3. How do you connect your political views or activism with your role as a mother?
I think being a mom is political. There is no way around that. You have a vision of the world you want for your family. Regardless of where you may fall on the political spectrum, that vision is there. I want to leave a world that the next generation can thrive in. I have had many opportunities and I want those same opportunities to be there for them. I want to fix what is wrong, but leave what is right. I think one of the most important things the government can do for their citizens is to protect the family. The core of any country is family.
4. Have you done any additional writing you'd call "political" since you wrote the essay that was included in Mothers of Intention about the Congressional Tea Party Caucus?
I blog daily, or at least I try to. I am writing for four different blogs now. I have been interested in finding a way to make more of a career of writing about politics, but I have to be honest, I have not done much to pursue it after about three or four rejections.
5. What, if anything, else have you done since the writing of those essays to embrace your political voice?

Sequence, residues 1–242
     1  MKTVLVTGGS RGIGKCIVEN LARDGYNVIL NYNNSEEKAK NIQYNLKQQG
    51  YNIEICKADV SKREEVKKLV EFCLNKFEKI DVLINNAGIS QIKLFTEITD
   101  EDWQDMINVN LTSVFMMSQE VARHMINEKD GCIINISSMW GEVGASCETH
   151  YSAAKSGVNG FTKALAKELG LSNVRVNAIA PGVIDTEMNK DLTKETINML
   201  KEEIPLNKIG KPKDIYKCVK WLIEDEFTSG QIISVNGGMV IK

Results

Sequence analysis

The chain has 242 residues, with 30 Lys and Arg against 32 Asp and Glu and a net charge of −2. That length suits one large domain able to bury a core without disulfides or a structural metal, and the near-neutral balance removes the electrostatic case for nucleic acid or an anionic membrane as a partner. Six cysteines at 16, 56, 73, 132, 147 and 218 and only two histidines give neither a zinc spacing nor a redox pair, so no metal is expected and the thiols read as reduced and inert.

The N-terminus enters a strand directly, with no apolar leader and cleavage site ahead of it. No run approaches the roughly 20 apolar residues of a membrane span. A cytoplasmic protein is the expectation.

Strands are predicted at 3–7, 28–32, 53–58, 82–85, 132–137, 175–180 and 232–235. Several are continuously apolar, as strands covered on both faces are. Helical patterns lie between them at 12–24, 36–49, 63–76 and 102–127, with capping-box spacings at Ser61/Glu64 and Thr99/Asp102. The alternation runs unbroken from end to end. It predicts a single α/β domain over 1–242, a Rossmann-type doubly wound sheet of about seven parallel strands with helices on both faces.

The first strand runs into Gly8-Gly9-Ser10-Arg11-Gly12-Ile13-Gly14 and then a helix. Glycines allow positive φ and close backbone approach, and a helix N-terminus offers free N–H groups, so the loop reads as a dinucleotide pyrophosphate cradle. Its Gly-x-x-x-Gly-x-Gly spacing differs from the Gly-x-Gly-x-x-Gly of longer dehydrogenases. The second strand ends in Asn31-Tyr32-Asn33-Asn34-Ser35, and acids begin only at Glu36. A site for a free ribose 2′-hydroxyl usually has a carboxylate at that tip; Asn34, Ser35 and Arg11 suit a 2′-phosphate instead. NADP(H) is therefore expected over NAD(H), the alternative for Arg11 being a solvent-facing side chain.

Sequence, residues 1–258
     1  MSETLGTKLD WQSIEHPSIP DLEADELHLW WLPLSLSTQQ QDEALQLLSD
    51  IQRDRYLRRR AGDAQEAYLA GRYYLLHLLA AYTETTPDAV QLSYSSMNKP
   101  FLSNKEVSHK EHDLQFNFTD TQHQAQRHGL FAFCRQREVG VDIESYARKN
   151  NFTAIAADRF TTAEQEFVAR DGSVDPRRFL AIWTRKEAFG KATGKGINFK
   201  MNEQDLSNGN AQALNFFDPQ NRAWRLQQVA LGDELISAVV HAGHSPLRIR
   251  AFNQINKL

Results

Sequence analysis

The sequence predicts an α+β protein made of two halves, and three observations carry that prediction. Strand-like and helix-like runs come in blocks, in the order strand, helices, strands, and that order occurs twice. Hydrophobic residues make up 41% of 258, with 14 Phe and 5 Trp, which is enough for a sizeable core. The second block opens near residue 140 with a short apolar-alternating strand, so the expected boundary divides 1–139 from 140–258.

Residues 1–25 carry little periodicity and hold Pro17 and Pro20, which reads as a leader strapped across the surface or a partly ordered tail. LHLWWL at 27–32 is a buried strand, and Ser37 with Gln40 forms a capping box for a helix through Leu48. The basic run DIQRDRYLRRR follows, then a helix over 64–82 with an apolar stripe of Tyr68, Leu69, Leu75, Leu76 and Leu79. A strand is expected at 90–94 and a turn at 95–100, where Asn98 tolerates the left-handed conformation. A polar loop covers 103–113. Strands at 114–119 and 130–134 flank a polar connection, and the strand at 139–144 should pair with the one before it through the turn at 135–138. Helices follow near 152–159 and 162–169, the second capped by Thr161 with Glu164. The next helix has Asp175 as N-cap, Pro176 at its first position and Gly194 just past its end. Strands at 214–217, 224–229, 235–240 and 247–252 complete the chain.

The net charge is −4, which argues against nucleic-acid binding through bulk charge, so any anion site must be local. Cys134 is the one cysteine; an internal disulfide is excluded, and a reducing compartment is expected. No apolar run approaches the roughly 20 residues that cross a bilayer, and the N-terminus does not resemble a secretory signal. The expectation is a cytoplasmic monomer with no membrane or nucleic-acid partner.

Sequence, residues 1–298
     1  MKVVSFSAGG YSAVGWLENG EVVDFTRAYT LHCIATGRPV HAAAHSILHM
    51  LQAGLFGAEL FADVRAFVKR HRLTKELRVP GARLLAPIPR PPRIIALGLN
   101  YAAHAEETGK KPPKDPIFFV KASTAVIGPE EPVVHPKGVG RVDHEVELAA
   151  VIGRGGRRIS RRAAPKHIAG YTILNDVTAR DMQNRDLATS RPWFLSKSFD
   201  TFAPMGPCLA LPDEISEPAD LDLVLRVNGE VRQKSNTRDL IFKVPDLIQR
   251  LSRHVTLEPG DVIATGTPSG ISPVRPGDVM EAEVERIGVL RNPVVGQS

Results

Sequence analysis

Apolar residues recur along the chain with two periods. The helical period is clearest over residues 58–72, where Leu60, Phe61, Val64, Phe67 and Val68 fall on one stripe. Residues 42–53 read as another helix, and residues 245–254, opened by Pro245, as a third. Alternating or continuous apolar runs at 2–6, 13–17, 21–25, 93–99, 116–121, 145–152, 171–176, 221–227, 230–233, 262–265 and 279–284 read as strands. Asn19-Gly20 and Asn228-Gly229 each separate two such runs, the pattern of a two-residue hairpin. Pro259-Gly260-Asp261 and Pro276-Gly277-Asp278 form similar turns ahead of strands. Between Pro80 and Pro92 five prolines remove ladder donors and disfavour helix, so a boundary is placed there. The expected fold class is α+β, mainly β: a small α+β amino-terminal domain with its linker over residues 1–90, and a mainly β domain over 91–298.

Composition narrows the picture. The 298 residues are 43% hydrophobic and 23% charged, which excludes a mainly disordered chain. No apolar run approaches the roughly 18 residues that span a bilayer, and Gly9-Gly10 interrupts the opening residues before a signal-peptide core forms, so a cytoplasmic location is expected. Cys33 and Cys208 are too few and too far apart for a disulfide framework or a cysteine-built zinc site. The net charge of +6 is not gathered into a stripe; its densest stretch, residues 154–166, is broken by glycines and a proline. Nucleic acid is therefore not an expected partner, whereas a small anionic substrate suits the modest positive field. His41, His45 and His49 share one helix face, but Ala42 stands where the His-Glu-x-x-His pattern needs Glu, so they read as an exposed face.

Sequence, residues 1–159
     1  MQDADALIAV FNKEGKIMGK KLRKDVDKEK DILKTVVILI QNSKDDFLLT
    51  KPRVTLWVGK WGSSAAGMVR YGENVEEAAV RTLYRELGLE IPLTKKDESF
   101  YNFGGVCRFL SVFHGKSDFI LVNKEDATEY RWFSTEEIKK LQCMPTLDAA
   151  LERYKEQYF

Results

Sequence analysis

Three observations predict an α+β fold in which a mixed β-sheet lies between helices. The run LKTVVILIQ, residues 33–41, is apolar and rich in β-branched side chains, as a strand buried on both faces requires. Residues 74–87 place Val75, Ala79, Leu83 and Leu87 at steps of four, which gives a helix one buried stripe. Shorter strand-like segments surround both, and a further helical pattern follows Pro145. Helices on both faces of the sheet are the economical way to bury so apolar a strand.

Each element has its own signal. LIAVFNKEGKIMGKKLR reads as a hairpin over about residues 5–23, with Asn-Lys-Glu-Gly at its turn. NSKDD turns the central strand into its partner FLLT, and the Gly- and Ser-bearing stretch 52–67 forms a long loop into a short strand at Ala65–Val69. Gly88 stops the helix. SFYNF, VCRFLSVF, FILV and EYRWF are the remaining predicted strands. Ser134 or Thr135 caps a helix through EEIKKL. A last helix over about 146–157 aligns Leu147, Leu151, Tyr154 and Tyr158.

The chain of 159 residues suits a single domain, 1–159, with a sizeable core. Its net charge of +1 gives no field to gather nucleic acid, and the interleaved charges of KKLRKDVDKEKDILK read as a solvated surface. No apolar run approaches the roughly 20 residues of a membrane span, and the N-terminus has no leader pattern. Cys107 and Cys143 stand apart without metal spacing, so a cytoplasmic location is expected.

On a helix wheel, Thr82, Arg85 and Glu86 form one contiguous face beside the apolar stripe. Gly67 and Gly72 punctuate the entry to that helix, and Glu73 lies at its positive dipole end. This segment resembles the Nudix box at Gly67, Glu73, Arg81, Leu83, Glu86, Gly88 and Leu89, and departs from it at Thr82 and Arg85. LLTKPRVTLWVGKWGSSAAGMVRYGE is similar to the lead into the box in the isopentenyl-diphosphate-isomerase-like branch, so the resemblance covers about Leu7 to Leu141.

I do try and be "out there." By which I mean in the grassroots conservative movement. I am lucky that this is an exciting time for conservative activists. In years past, there were not many avenues for you to work through. Activism has been a staple with the left, but not so much with the right. But there is so much more out there to involve yourself with now for the people on the political right. I have been connected with different people all over the country. Even in places that are not considered to be conservative areas, such as New England. I have attended conferences; I have been to meetings to learn about different topics that are important to conservatives generally and women specifically. I try to keep up with that and to make time in my schedule, but that is not always easy when you have children needs to attend to. So I do as much as I can with the time that I have.
6. Are you actively involved in any political activities in your state?
I am much more involved on a state level than on a federal level. I truly believe that the problems we have on the federal level stems from the fact that so many are already corrupted by the time the reach the federal level it will be very difficult to stop. I think that the heart of the conservative movement should be concentrated at the most local level to really effect change. The cream rises to the top. If we can cultivate good and strong leaders at the local level, we will have a better crop in which to choose from at the federal level. My state has off-year elections, so we are through with the state elections for the next two years. One of the topics that I am most passionate about is education, and that is a local issue and should be addressed only at the local and state levels.
7. Would you ever run for office?